Every mama dreams of the day her little one will say his or her first words! While every mom secretly wishes it to be “Mom” or “Mama”, we all know it almost always ends up some random word like “dog” or “car!”
If your little one hasn’t yet reached the milestone where they are using words and language to communicate, we are sure you are concerned. Some children are late talkers or might have a speech delay, so they might just need a little more help than other children to start communicating.
A late talking child is one whose language development and communication skills are not progressing the way they should be. That does not necessarily mean he or she has a language disorder, learning problem, or autism. A lot of children with speech and language delays grow out of it. Some require speech/language therapy along the way, but there is no way to know this no. Meanwhile, don’t worry; there are a lot of home remedies you can try or even start speech therapy at home to help your child start saying those words you have been waiting to hear.
What Does “Late Talker” Mean?
Typically, when babies use less than ten words by the age of eighteen months or less than eighty words by the time they are two, it is considered that the child might be a late talker and has delayed speech or language problems.
A late talking child does not necessarily have a language or speech disorder; it could simply mean they are a late bloomer. If your toddler is a late talker, there is a high probability they will grow out of it and catch up with other children their age in a year or so.
There is no way to know if your child will grow out of it with just home remedies or if he or she will need to see a speech-language pathologist. If you do notice that your child has a developmental delay, then it is first recommended to have a developmental evaluation done by your pediatrician. Some kids have language delays due to hearing problems or ear infections. It could even be because of an oral impairment or autism spectrum disorder, so get a complete check-up done with your child’s pediatrician or a speech-language pathologist to rule out any of these problems before you begin with any home remedies for your child’s speech.
Home Remedies For Late Talking Child
If you are waiting to go for that complete evaluation or you want to try things at home because you feel that your child is just taking his or her sweet time before they start talking nonstop, then give these home remedies a try.
They can really help your child develop language, bond with you, expand vocabulary and learn new words.
Self-talk is the most basic and simple activity you can do without any materials to help late-talking children. It basically means talking out loud about what you can see and what you are doing, feeling, and hearing. Talk about everything.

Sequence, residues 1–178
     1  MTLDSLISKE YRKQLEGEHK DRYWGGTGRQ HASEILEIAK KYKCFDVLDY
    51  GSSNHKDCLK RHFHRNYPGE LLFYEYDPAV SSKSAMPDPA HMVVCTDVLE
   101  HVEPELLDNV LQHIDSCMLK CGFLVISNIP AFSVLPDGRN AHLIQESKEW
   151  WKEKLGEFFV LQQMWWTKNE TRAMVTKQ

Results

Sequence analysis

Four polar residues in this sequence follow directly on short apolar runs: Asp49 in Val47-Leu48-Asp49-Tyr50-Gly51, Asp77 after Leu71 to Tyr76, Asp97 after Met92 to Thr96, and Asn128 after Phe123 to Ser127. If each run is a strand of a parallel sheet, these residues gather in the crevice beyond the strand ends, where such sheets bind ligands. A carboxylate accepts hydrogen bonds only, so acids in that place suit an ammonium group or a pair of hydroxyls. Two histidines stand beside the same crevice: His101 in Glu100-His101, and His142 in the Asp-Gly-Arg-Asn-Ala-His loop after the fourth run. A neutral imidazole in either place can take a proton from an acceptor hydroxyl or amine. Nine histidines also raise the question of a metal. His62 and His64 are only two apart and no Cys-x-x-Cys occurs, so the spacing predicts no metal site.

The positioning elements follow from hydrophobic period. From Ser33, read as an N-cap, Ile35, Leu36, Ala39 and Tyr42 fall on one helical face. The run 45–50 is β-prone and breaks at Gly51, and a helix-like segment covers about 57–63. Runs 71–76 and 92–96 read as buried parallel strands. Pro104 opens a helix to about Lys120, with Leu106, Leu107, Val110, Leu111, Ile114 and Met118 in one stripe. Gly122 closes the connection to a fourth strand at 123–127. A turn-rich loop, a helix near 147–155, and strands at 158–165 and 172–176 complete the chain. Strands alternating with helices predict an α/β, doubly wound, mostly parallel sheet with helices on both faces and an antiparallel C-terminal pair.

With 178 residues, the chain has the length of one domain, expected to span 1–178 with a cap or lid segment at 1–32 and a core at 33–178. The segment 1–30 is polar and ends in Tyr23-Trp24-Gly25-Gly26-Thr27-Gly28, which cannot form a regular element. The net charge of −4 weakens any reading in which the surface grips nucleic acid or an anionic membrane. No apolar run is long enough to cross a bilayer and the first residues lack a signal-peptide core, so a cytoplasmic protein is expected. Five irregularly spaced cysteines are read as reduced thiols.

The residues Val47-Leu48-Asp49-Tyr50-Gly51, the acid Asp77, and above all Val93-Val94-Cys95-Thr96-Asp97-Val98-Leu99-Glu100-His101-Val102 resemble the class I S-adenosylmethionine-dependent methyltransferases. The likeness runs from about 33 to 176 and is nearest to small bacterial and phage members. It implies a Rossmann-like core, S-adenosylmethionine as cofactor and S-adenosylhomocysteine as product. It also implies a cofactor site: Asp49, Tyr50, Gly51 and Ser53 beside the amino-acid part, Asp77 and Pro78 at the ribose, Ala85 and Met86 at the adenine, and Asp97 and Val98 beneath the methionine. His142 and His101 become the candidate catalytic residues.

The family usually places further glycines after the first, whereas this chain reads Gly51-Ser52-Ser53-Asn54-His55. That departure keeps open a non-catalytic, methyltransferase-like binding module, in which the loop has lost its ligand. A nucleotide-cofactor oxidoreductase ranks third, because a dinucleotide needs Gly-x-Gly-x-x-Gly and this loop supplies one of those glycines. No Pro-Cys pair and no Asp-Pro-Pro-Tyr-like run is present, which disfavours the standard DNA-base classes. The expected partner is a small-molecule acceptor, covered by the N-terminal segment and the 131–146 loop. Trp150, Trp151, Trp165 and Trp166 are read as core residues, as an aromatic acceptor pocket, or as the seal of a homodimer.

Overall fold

Suppose you are cooking in the kitchen. Talk about what you are making and the ingredients you are using, or even narrate the steps as you are doing them. The key here is to keep your child involved and introduce them to new words through everyday situations. You could go for a walk and talk about what you see around you: trees, birds, dogs, etc.
The key here is to keep the sentences short or to speak in phrases so that it helps your child in their language development. Try phrases like “I see a tree. I see a dog. I like apples.” If your child has only been saying one word at a time, then starting with two-word phrases will help. Mix them with the one word that they are already saying or are familiar with. Repetition is the key to helping with language skills and development.
This is very much like self-talk but instead, the strategy in parallel talk is to talk about everything your child is doing. You are speaking from the child’s perspective. You can talk about their actions, their feelings, or what they can hear, anything to teach them more about words and help their language development.
If they are building a tower using blocks, you can tell them, “Your tower is so big,” or when they are eating you can tell them, “You are eating your favorite food today.” When you talk about objects or activities around them, the chances are your child will be more interested in what you are saying and grasp it better. This will help develop their vocabulary easily.
Music is known to have healing powers. Some children are even known to sing before they talk and that’s the magic of music. The rhythm of music can make more sense to children than the rhythm of speech, in some cases. You can make your little one listen to good music every day; make it into a ritual and play their favorite song every day in the morning. This can be a thing that you do together and, at the same time, something that helps your little one learn to speak and eventually sing those lyrics.
It’s not necessary to stick to children’s songs or nursery rhymes; you can introduce your child to other forms of music as well. Experiment and see what they like. Your child might surprise you by choosing the Beatles over Coco Melon!
Music is also used by therapists who have helped a lot of children with learning problems as well.
Sign language has shown amazing results in speech and language development with late-talking children. It is an alternate form of communication that serves as a great medium to get your child talking. You can start by learning some basic signs using online tutorials or books (try Baby Signs by Linda Acredolo) and then teaching them to your child. Tell them every time they want to ask or say something, they can use the signs.